If you have been through the Farrell Street and Swift Street intersection, you might be wondering why there are large green boxes painted on the pavement. This intersection is a test site for bike boxes in South Burlington.
What is a bike box?
If you think it is something you put a bike in to ship it somewhere, you would be correct but not up-to-date.
Bike boxes are a relatively new and innovative way to mark intersections with green paint to improve safety, visibility and traffic flow for bicyclists and pedestrians. Specifically, the bike box is a designated area at an intersection, usually a green painted box, at the head of a traffic lane. It is in front of the motorized traffic stop line but behind the pedestrian crosswalk.
Cars and trucks are not allowed in the bike box and must line up at a 24-inch white "stop bar" behind the box. Likewise, bikers are not allowed in the pedestrian crosswalk.
Putting bicyclists at the head of the line gives them a safe place in front of queuing motorized traffic, making them conspicuous while waiting for a red light to turn green. When the light turns green, they proceed through the intersection first, getting ahead of the traffic.
Bike boxes are now in use in many U.S. cities including Portland, OR, Austin, TX, Boston and Cambridge, MA, Chicago, Il, New York City, Washington DC and other US cities and many bike friendly European cities.
How does it work
For cars and bicyclists wanting to turn right: While the light is red, motorists and bicyclists are not allowed to make right turns. When the light turns green the bikers in their box in front of the cars will clear the intersection first avoiding motorists making a right turn on red. This solves the problem of motorists who fail to look in their right rearview mirror when making a turn when they are in the right lane or looking but not seeing a biker who is in their blind spot. These so called “right hook” conflicts are a common cause of accidents between car and bike.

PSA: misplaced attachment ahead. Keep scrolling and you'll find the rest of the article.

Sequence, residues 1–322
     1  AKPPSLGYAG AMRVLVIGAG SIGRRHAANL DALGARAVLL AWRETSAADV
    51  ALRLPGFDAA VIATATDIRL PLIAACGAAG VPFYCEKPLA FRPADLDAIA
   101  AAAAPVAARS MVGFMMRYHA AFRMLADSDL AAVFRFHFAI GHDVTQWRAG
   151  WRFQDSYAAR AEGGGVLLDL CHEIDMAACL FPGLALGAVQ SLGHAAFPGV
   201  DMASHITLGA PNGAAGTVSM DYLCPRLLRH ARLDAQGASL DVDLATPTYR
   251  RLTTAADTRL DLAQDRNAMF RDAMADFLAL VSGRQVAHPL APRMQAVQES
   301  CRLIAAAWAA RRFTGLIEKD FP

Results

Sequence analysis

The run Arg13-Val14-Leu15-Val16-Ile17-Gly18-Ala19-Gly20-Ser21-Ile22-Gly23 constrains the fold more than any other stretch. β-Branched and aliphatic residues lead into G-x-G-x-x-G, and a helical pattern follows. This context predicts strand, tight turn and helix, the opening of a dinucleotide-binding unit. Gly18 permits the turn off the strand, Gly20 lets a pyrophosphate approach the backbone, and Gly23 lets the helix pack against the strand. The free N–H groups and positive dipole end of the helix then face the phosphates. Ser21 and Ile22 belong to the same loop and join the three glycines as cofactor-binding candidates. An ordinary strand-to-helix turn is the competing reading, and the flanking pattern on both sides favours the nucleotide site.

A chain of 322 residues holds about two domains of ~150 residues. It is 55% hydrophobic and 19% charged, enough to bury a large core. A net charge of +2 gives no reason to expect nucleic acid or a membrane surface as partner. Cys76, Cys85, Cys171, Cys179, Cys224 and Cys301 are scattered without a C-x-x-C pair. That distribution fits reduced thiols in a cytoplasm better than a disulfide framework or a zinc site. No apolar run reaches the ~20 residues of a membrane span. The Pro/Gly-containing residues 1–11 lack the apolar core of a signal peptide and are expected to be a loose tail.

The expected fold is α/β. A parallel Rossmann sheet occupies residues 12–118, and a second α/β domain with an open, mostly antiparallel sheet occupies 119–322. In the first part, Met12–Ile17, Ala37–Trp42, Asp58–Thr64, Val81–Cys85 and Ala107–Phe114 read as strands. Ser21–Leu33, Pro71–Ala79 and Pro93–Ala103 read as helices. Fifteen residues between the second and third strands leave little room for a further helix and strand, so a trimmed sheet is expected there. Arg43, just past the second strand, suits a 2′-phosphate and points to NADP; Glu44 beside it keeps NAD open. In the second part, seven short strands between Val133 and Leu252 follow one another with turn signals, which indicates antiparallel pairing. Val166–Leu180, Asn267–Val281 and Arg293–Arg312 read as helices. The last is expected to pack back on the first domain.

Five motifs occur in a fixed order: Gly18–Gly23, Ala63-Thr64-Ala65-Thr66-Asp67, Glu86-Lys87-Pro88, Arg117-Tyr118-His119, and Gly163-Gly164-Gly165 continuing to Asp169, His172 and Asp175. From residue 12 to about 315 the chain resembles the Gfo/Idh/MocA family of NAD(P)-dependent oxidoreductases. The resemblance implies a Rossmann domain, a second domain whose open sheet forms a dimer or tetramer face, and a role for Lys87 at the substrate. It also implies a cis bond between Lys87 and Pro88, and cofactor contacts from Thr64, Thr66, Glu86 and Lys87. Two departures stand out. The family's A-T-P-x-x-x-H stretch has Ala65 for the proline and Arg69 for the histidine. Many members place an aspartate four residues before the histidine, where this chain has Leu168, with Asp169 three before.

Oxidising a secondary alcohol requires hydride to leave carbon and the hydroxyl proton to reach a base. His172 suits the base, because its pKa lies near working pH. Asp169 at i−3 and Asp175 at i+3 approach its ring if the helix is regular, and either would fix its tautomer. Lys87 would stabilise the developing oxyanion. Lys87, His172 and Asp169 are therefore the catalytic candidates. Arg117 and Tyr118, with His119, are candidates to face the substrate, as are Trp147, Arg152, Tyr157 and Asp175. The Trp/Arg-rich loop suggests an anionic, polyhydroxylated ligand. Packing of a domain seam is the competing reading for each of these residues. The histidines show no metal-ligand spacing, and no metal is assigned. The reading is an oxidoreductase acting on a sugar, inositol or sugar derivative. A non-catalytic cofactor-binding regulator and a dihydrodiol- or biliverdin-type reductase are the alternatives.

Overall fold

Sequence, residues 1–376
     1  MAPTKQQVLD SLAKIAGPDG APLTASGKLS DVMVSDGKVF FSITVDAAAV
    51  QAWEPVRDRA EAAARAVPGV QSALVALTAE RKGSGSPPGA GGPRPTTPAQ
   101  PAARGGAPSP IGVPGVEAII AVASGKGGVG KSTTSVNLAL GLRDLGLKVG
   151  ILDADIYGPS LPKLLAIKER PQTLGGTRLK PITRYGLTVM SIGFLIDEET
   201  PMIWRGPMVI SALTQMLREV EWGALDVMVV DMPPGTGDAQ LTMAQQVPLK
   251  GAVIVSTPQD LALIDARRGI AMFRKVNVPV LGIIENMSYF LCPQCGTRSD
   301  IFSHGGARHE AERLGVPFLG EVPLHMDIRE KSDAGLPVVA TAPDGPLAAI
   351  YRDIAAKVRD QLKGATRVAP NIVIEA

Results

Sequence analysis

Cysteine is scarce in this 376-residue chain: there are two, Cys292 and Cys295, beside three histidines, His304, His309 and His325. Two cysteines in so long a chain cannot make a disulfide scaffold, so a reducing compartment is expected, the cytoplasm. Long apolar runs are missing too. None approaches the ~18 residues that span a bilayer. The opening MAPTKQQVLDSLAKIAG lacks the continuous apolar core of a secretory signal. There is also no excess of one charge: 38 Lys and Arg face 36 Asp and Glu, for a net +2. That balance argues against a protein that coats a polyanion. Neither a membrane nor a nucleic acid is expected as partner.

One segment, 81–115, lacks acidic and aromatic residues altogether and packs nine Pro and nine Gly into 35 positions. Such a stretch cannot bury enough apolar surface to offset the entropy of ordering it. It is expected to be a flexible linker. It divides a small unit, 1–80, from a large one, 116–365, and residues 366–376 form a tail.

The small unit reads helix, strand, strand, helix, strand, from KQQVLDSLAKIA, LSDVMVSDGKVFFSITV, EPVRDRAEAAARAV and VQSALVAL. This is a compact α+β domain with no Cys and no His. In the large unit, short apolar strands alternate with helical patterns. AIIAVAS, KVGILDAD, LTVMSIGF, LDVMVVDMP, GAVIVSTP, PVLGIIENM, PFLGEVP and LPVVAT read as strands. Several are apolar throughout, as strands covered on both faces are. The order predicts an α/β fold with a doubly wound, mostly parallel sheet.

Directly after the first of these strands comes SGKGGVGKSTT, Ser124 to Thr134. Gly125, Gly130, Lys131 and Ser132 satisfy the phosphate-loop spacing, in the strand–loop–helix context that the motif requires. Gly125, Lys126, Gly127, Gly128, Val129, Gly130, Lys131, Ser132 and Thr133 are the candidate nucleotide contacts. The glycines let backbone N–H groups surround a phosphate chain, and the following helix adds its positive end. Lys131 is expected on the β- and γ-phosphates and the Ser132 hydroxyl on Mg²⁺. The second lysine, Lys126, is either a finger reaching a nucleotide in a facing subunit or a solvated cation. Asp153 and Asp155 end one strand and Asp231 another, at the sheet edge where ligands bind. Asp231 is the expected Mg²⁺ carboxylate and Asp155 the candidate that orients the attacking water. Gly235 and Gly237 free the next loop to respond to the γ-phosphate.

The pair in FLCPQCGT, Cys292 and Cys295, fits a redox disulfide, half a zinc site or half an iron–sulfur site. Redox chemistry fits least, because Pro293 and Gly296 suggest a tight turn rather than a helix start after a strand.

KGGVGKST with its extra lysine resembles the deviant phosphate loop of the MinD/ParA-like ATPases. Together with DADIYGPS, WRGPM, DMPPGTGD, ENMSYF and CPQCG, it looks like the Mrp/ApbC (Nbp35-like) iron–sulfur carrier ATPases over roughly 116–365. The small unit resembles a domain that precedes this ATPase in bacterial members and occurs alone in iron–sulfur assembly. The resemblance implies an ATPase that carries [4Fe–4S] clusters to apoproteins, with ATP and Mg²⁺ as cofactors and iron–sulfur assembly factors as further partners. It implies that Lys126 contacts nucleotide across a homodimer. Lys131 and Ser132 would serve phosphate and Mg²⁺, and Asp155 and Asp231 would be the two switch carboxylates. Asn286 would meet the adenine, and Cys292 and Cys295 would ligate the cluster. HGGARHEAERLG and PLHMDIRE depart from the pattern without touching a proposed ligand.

For cars and bicyclists going straight ahead: When the light turns green bicyclists will be able to cross the intersection first thus being more visible to motorists. They will also be able to re-establish themselves in a bike lane before being passed by cars and trucks.
For bicyclists turning left: Bicyclists wanting to turn left will move to the left when entering the bike box and wait for the light to turn green. When the light turns green, they are the first to make a left turn while the motorists follow after them.
Does this really work or just slow the flow of traffic: Studies have been done to test the effectiveness of bike box intersections. Not only have they reduced right hook accidents, but also the number of motorists encroaching on crosswalks has been significantly reduced.